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Everyone Was Wrong About Bruno Mars' Super Bowl Halftime Show

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Feb 03, 2014 | 1:39pm EST

When Bruno Mars was first announced as the headline performer for the Super Bowl Halftime Show, the reaction was decidedly mixed. Fans of the singer were excited to watch him breakthrough to a whole new level of fame, while those who weren't familiar with him or his music - or just weren't fans at all - were critical of the NFL's choice. After all, the Halftime Show is usually played by someone who has been around for decades, a rocker or pop star who will be able to appeal to the multiple generations of football fans watching in the arena and at home. So, when Mars hit the stage on Sunday night, he had a lot to prove. Not only did he need to entertain the millions of people watching, but he needed to prove all of the people who had been skeptical wrong, and so he pulled out all of the stops and a set list of his biggest, most danceable hits for his big moment. 

But just how well did he do? Was his Halftime Show one for the ages, or, like the Broncos' defense, is it something that's better off forgotten? We've evaluated Mars' Halftime Show based on the criticisms he received when he was first announced as the headliner in order to determine whether or not he was able to prove his critics wrong and deliver on Sunday night. 

He Only Sings Sappy Ballads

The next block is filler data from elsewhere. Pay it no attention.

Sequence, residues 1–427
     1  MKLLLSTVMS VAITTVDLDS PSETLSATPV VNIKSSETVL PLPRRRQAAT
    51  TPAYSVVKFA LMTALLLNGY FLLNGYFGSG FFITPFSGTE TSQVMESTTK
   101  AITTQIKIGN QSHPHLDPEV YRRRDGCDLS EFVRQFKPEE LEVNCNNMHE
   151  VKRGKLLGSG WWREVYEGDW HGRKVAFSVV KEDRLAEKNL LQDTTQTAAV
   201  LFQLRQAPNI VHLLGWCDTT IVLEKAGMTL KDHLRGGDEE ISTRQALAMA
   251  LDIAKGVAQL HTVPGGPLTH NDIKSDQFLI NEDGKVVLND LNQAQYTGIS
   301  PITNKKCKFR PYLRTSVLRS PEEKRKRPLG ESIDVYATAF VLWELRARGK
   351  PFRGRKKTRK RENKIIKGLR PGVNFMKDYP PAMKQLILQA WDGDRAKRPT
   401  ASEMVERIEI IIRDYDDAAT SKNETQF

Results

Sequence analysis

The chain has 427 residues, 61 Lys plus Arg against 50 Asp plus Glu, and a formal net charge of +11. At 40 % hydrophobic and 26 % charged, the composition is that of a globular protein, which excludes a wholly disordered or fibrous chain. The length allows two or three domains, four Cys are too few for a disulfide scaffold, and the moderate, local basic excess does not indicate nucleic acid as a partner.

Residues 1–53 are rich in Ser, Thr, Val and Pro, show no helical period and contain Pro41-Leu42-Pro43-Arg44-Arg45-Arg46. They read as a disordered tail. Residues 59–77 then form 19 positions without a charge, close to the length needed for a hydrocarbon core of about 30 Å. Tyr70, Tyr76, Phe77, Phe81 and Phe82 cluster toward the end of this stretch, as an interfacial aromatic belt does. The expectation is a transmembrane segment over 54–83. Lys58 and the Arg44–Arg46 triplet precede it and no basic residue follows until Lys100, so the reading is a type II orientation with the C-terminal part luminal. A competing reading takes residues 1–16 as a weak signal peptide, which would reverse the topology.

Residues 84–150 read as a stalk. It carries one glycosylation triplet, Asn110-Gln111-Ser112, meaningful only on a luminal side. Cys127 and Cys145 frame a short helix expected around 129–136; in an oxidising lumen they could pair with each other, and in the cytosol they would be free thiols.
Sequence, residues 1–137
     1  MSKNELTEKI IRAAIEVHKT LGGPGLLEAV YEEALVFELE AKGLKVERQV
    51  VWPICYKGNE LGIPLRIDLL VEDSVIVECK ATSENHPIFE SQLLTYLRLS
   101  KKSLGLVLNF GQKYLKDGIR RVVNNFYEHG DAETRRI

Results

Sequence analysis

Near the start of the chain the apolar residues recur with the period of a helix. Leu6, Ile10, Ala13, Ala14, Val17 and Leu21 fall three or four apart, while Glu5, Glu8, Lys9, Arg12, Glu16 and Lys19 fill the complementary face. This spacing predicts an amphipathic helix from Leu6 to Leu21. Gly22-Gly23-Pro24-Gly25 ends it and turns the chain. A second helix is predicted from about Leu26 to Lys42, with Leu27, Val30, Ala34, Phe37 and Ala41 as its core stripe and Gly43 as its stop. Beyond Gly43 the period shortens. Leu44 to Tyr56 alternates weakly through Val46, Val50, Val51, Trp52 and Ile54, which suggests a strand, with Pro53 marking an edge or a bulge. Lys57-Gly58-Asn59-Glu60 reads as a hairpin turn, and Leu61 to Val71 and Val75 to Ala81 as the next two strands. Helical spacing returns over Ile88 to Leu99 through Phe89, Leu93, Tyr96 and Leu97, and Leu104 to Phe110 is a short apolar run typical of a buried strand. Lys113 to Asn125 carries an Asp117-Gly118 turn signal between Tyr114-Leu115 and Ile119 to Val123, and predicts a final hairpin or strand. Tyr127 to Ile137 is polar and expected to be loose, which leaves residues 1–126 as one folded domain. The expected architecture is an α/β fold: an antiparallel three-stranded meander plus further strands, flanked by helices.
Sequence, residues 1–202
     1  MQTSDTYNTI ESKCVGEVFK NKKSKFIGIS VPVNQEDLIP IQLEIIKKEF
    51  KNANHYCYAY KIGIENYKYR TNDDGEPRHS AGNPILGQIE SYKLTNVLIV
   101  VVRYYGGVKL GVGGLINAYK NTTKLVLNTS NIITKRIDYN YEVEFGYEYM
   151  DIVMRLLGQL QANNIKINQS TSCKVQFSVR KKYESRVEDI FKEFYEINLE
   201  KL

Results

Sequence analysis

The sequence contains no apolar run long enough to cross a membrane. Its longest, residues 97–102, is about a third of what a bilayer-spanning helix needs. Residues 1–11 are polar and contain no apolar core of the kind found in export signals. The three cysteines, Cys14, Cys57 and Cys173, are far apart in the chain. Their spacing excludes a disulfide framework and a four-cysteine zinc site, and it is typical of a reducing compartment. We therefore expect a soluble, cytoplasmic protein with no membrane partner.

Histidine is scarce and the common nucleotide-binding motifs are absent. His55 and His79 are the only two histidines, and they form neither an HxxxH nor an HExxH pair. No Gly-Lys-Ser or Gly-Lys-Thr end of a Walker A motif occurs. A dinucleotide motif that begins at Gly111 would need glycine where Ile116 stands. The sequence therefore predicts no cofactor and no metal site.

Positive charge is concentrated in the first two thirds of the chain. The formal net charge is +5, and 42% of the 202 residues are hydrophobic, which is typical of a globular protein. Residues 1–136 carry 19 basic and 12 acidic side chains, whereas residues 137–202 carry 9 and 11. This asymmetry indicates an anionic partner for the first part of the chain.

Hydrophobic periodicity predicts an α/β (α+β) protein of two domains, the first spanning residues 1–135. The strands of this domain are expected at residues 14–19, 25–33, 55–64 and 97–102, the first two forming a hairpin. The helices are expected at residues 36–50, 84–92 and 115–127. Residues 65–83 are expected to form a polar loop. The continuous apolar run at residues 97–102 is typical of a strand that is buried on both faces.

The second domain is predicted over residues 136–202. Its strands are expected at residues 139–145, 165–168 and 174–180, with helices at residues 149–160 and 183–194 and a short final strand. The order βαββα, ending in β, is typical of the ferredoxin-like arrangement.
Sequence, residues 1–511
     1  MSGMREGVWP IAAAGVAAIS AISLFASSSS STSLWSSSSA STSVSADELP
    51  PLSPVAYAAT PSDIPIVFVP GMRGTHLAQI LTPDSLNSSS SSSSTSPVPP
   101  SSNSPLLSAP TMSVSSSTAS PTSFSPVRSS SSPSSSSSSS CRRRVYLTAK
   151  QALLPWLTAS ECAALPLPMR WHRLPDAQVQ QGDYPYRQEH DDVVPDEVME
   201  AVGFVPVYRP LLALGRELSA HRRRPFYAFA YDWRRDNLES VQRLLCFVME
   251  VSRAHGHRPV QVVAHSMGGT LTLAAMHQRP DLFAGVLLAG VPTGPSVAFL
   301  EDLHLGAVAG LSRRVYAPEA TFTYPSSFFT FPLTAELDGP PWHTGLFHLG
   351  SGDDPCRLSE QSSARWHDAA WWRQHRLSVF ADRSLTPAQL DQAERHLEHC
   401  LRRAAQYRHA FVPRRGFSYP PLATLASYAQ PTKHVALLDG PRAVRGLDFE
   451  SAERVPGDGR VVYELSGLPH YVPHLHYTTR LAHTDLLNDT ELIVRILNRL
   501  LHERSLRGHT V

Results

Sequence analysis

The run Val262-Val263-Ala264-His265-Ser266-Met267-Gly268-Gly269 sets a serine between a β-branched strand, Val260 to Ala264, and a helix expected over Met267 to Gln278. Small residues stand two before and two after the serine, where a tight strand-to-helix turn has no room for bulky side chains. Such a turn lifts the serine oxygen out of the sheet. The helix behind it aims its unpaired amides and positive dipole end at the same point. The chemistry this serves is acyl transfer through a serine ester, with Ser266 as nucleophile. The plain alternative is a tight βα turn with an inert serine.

One of the biggest complaints about Mars being selected for the Halftime Show was that he was best known for his ballads, sappy love songs like "Just the Way You Are" and "When I Was Your Man." The Super Bowl is a celebration, and the Halftime Show is supposed to be a party, which means that people were worried that Mars wouldn't be able to deliver an exciting, entertaining performance that would be appropriate for the celebratory occasion. Mars faced that criticism head-on, and instead crafted a set list designed purely to get the audience on their feet and dancing. Yes, he closed out the night with "Just the Way You Are," which, after all, is his biggest hit, but for the majority of his time onstage, Mars kept everything upbeat, and encouraged everyone watching to join his band and "get loose." 

He Wouldn't Be Able to Rock an Arena
It takes a lot of talent and stage presence to entertain a sold-out football stadium, which is why the NFL tends to recruit rock stars and pop divas to perform on the Halftime Show, since they have shows designed to make the fans in the nosebleeds have just as much fun as those in the front row. The Super Bowl needs to be a spectacle, and many were worried that Mars wouldn't be able to deliver on that front. But deliver he did, with a performance that included a children's choir, an extended drum solo, singing, dancing, a full band, flashing lights, fireworks and the Red Hot Chili Peppers. Mars is a consummate performer, and so he used every weapon in his arsenal to deliver a show that was exciting and entertaining for both the fans at MetLife stadium and the viewers at home. Once he and the Hooligans started in on "Treasure," we're pretty sure everyone watching started dancing in their living rooms.